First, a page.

Unrelated cute picture of the resident chicken helping out my farrier
I said stop looking out the door every time we go by and that apparently made him decide that looking out the window was the only thing with any meaning in his life. This ended with him tearing through the left rein and making my shoulder fail for the first time in two years. Ouch. The next day I showed up with my pelham in hand. No more nice jumpy tack for you if you're going to be a problem child. He was in a plain loose ring snaffle when we had our argument, not even his NS Verdenbind that usually keeps him from getting ideas. With my shoulder in pain, I skipped right to the pelham. We're not reverting to the dark days when the left rein being torn through my hand was a daily occurrence.
He promptly decided to follow up on his previous work and haul on the left rein. I picked up my curb rein and he promptly changed his mind. Nope, not mucking around with that, thank you very much. I let the curb rein go slack, picked up a nice connection on the snaffle rein, and we carried on with our day. He tested it a couple times, just to be sure, and I picked up the curb as needed to tell him that my left shoulder was off limits. He sighed and went back to work.
More unrelated media of the other assistant my farrier picked up for the day
He was so much FUN in that pelham. I played with some of our lateral stuff because he was staying right where he belongs with zero effort from me. It kept him from looking out the window every freaking lap and he actually kept his head right around vertical without regular reminders. I even got him to sit on the right rein correctly because he, for once, had no interest in bickering with my left hand as a way to distract me from the fact he's also laying on my left leg. It completely broke the cycle of bickering between us. I set my hands, he set his face, and I kicked his booty right up between my hands. I could really get him in front of my leg because he wasn't trying to go above the bit to get out of using his back. It was like someone had turned on the power steering. I felt like I could whisper and he would answer.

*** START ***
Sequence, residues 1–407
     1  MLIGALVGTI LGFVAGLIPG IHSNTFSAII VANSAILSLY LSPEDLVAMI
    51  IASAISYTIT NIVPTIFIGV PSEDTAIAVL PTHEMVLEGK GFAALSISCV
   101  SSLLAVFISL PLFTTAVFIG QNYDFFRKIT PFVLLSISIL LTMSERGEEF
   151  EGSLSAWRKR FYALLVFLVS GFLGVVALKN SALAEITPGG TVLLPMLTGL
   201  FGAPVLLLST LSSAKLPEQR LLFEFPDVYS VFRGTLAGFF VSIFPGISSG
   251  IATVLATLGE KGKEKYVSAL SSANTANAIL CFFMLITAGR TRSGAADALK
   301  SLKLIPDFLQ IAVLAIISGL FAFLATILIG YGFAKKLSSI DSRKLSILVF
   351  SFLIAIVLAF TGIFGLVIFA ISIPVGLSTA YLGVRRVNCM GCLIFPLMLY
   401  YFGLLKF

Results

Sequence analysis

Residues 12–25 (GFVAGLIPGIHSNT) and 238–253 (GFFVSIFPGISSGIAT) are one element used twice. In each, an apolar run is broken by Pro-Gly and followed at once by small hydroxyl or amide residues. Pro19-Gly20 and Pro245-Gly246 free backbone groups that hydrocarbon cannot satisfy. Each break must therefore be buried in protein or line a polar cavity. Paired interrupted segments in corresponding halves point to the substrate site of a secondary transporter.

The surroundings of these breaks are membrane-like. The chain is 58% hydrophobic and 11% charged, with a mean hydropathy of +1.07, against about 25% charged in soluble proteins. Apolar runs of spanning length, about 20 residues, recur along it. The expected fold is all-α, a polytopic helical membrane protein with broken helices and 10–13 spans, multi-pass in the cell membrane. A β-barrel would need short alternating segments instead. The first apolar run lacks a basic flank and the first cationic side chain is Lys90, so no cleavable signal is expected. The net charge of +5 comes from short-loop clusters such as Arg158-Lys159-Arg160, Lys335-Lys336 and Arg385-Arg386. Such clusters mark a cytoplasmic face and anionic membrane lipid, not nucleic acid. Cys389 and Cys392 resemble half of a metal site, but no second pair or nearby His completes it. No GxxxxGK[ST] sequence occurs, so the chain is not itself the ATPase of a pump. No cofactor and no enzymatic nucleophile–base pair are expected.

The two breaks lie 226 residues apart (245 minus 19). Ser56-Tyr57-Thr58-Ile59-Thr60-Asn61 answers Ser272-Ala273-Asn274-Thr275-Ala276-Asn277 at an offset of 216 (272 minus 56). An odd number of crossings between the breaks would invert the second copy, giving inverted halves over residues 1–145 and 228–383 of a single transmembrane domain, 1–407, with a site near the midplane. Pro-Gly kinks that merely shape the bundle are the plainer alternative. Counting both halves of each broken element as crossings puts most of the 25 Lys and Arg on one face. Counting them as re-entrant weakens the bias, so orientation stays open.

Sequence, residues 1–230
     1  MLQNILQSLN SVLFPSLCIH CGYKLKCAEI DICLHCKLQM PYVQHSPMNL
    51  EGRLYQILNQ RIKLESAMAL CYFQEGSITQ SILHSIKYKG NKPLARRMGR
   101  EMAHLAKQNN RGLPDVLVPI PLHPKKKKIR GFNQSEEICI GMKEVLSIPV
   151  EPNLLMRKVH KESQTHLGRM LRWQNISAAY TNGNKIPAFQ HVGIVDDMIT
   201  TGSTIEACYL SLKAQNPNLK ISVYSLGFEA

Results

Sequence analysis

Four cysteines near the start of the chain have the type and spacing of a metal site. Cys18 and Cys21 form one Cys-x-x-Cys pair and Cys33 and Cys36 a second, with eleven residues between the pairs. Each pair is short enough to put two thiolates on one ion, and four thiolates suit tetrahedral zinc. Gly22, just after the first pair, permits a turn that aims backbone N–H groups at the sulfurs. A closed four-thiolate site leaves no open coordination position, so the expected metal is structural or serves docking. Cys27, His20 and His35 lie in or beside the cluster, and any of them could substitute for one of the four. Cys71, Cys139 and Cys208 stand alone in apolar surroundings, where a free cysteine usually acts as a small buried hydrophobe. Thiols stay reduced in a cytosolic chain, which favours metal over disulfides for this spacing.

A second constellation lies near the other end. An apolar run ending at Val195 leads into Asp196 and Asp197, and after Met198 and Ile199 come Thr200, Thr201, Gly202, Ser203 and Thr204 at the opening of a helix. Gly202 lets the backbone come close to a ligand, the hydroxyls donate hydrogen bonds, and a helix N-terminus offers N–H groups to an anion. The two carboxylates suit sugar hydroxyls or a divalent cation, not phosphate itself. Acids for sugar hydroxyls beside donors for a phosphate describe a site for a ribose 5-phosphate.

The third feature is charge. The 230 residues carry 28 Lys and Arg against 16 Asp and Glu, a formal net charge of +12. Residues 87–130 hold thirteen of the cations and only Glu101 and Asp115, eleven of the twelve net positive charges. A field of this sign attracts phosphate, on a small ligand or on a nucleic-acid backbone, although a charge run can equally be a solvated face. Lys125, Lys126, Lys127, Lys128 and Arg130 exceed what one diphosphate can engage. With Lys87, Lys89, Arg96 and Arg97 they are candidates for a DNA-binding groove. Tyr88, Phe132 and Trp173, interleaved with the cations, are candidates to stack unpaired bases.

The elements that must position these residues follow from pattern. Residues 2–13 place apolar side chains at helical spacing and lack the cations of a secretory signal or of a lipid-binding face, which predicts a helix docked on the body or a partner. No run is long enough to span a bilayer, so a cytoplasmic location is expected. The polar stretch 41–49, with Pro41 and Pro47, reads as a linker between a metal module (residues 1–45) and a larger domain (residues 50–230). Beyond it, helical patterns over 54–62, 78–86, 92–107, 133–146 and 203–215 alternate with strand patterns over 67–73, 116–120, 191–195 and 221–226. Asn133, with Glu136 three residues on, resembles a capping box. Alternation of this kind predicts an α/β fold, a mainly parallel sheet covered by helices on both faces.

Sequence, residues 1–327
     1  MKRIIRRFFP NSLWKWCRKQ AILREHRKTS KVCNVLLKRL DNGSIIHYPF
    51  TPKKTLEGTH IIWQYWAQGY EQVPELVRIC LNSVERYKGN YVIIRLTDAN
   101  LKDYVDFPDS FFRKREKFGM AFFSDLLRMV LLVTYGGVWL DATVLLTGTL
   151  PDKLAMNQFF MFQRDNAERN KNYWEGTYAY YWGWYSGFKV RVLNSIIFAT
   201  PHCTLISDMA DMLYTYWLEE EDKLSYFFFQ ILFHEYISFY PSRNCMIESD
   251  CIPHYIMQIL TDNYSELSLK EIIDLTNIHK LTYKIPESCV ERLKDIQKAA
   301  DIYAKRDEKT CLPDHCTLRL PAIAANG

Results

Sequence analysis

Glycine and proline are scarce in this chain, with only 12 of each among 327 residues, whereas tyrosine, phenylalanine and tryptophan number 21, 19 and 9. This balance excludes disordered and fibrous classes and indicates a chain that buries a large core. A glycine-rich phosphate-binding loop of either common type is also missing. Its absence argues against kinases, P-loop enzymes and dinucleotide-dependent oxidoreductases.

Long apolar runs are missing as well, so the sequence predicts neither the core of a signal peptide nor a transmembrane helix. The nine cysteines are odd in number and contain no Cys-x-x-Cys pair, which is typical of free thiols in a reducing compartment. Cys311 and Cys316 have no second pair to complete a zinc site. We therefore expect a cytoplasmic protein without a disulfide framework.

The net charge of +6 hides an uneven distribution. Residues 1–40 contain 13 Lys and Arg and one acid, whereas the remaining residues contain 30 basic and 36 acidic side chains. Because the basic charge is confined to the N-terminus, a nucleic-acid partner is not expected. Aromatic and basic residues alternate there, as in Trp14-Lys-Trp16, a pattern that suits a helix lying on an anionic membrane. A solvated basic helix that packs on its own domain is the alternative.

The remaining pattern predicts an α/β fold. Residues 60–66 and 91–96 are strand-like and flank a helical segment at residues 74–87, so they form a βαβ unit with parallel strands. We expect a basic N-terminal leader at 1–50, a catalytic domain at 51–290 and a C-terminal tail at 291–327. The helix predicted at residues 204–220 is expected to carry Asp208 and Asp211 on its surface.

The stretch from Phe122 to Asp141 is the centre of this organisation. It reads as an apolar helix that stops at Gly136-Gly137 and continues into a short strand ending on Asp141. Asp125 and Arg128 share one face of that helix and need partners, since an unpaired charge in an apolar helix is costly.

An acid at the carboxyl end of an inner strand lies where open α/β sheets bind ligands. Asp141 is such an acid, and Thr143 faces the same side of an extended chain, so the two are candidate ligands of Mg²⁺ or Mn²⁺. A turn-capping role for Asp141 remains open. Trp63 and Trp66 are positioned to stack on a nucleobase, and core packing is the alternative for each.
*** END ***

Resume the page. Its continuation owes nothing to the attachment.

Now it's not a magical perfect thing. He's not good in a fat, fixed cheek snaffle and that's what I end up with when I drop the curb. I can't get off his face enough for him to be truly comfortable. And when I jumped in it the following day, he started out fantastic but got pissy when he got tired because it was too much bit all the time. It's never a real snaffle, even when I tied my curb rein off so it wasn't even in my hand. But man, it was nice to have a ride with zero bickering about what frame I wanted and whether or not his shoulders were available for me to manipulate. If only I could do that with a loose ring snaffle to drop back on.
Oh, wait, that's a thing. A very dressage-y thing.
Dorkzilla in his double
I might have ordered up a short shank weymouth so I can build Theo a double bridle. Not as a show rig or every day rig or anything like that, but to replace my pelham as my 'knock it off' rig. We're schooling Third so we're actually at the appropriate level to introduce a double. He isn't at all strong enough to show in a double, but I think an occasional tune up ride would do us both good. Trainer Z gave me a thumbs up on the idea of introducing this tool to the tool box and my friend is lending me Dorkzilla's old double to try. I'm hoping some of Dorkzilla's crazy talent has oozed into the leather and will rub off on Theo.
I'm equal parts terrified and curious about this next step in our education. I've got the hands for it, but the double is such a big kids dressage thing. Even if it's a spectacular failure and he hates it, I'll get pictures of Theo wearing it. He'll look so fancy.